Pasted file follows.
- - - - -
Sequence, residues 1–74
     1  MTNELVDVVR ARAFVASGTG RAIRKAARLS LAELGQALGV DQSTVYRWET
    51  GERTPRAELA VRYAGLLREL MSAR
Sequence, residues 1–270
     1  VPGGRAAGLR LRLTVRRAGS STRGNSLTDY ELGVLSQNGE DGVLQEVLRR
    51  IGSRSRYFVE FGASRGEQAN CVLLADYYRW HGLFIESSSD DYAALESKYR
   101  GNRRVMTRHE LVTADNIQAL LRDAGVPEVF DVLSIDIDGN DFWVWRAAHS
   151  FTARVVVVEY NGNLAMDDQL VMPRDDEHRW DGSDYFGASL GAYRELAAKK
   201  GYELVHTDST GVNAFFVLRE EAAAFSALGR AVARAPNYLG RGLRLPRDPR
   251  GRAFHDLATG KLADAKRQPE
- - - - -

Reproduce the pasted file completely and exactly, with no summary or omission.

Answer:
Sequence, residues 1–74
     1  MTNELVDVVR ARAFVASGTG RAIRKAARLS LAELGQALGV DQSTVYRWET
    51  GERTPRAELA VRYAGLLREL MSAR
Sequence, residues 1–270
     1  VPGGRAAGLR LRLTVRRAGS STRGNSLTDY ELGVLSQNGE DGVLQEVLRR
    51  IGSRSRYFVE FGASRGEQAN CVLLADYYRW HGLFIESSSD DYAALESKYR
   101  GNRRVMTRHE LVTADNIQAL LRDAGVPEVF DVLSIDIDGN DFWVWRAAHS
   151  FTARVVVVEY NGNLAMDDQL VMPRDDEHRW DGSDYFGASL GAYRELAAKK
   201  GYELVHTDST GVNAFFVLRE EAAAFSALGR AVARAPNYLG RGLRLPRDPR
   251  GRAFHDLATG KLADAKRQPE